Celtic Connections: Transatlantic Sessions on the road again
Celtic Connections: young blood and lesser-spotted folk talent

Celtic Connections: honouring Jim McLean, a man of principle in the mould of Ed Pickford and Alex Glagsow

Andrew Curry's retrospective reports from the Celtic Connections festival in Glasgow have been much appreciated and widely read. I am glad to say there is more to come after this look at the work of Jim McLean ... 


Jim McLean is a radical Scots songwriter, whose songs have been recorded by everyone from The Corries to The Dubliners. He doesn’t perform himself, but he was an integral part of the Scots folk scene as it flowered in the 1960s, with songs about everything from Scots history to topical songs about Scots issues, to Polaris. 

He’s in his 80s now, and Fraser Bruce—who has also  written a history of that ‘60s folk scene — wanted to bring together the best of McLean’s songs in one place, both to honour McLean’s career and contribution, and to help younger singers find the songs.



The concert at Celtic Connections, in the low-key setting of the National Piping Centre, was to launch the resulting box set, The Songs of Jim McLean, of some 60 songs. The performers were Alistair McDonald, on guitar and vocals, who has championed McLean’s work down the years; Fraser Bruce, on vocals; Gavin Paterson, on keyboard and vocals, and co-compering; Sylvia Barnes on vocals; and Fraser’s brother Ian, on guitar and vocals. McLean, who has lived in London for many years, was sitting quietly at the back. 

McLean was one of the first to write about the Highland Clearances, at a time when there was little published about this unforgiving history. He also has a set of "history" songs about William Wallace and Robert Bruce, among others, that place him firmly in the independence camp well before that was a mainstream idea in Scotland. 

’Hush Hush’, by Jim McLean, sung by Hicks and Goulborne)

As a pacifist he was jailed for refusing to do National Service, then compulsory, so he’s not fond of the nuclear missile base on the Clyde. Some of these songs are politically very direct, written as agit-prop that could be sung on marches, borrowing familiar tunes, most recently one called ‘Yes, Yes, Yes, The NHS’.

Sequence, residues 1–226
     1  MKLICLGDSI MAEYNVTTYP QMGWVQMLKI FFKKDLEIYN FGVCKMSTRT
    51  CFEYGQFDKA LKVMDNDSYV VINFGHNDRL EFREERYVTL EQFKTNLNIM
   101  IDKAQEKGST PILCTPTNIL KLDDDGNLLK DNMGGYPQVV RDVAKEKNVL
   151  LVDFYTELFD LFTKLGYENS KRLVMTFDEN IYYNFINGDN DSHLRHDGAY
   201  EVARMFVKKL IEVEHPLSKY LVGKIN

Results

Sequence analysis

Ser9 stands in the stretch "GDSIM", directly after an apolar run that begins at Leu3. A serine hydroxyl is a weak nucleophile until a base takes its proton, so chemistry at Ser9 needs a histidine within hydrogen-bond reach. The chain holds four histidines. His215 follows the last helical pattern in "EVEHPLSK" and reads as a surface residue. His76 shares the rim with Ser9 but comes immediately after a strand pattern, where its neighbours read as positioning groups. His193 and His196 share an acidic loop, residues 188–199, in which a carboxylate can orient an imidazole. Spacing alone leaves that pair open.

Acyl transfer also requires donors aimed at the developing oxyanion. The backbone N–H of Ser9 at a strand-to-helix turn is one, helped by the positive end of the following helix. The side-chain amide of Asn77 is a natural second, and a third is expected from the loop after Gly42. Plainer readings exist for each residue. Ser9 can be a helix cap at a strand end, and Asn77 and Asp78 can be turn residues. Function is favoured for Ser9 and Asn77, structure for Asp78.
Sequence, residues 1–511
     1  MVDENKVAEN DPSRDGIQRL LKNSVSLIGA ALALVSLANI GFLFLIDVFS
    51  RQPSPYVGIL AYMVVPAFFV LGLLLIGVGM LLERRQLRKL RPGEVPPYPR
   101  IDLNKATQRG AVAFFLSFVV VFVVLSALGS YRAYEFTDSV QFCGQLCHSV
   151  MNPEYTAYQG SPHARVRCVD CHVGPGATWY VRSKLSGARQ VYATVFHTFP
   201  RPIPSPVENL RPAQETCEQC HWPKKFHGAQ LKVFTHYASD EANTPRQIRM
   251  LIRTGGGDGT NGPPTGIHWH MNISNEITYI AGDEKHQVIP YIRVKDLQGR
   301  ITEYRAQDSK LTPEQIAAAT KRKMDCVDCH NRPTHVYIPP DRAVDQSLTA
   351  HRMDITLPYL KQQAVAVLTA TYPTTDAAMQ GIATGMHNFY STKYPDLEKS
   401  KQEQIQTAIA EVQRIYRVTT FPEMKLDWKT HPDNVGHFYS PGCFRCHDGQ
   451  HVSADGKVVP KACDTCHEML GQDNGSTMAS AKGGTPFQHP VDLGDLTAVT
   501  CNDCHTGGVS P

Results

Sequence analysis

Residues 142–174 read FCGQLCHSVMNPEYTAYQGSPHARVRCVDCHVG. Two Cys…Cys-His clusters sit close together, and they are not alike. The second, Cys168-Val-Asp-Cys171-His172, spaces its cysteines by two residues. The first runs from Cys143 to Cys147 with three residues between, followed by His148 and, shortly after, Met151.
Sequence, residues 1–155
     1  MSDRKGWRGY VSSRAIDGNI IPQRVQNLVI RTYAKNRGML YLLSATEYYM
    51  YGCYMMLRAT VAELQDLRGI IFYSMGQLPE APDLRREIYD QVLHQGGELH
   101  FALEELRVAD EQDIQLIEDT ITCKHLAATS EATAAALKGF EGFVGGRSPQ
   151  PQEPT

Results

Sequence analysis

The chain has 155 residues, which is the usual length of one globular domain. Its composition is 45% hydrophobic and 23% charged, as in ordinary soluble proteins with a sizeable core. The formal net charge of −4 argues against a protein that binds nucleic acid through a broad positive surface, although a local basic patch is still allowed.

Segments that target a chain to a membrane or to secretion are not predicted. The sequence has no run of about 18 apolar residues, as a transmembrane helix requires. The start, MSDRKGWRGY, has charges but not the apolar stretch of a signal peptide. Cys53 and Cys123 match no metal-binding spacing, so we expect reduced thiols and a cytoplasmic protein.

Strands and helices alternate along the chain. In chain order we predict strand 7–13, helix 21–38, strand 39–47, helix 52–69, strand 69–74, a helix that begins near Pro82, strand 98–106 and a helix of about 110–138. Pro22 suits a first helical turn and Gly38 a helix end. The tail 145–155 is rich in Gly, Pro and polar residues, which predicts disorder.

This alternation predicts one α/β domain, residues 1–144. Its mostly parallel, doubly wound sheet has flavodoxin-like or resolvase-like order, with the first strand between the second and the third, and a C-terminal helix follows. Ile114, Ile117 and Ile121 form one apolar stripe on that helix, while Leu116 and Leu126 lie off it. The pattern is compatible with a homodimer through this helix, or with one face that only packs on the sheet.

But this all makes him sound a bit one-dimensional. There are also some fine if unsentimental songs about Glasgow here. ‘Farewell Tae Glesga’ takes on idealised notions about how nice it was to live in the Gorbals, Glasgow’s notorious tenement district. The Exiles Song, is a Scottish version of a Brendan Behan lyric. It’s apparently about the joys of Glasgow, but it comes with a punchline that undercuts what has gone before. The Barras is a funny song about Glasgow’s famous flea market. And the love song to his late wife, For Alison, is a thing of beauty.

The combination of the personal, the political, and the local reminded me of the songs of the North East’s Alex Glasgow and Ed Pickford. Like their songs, McLean’s work is also steeped in dialect. Non-Scots listeners might need to play some of these a couple of times to tune in to some of the words.

I didn’t know much about Jim McLean’s work before I went to the concert, and it was a thoroughly entertaining evening — entertaining enough to buy the box set, certainly. And it’s worth saying something about the box set, because it has clearly been a labour of love. It’s well produced and well designed, and the overall sound is fuller, with the addition of the accordionist Yvonne MacLeod, Pete Clark on fiddle, and Alistair Morrow on drums. 


The box set is available from Rickety-Rackety Records, through Fraser Bruce’s website. It’s also possible to buy digital versions of each of the four discs. If you’re interested in Scots’ folk music I’d recommend — at least —a download of Disc 1. 

And here’s a playlist of versions of McLean’s songs by Scottish performers —with a bit of a bias towards the history songs.




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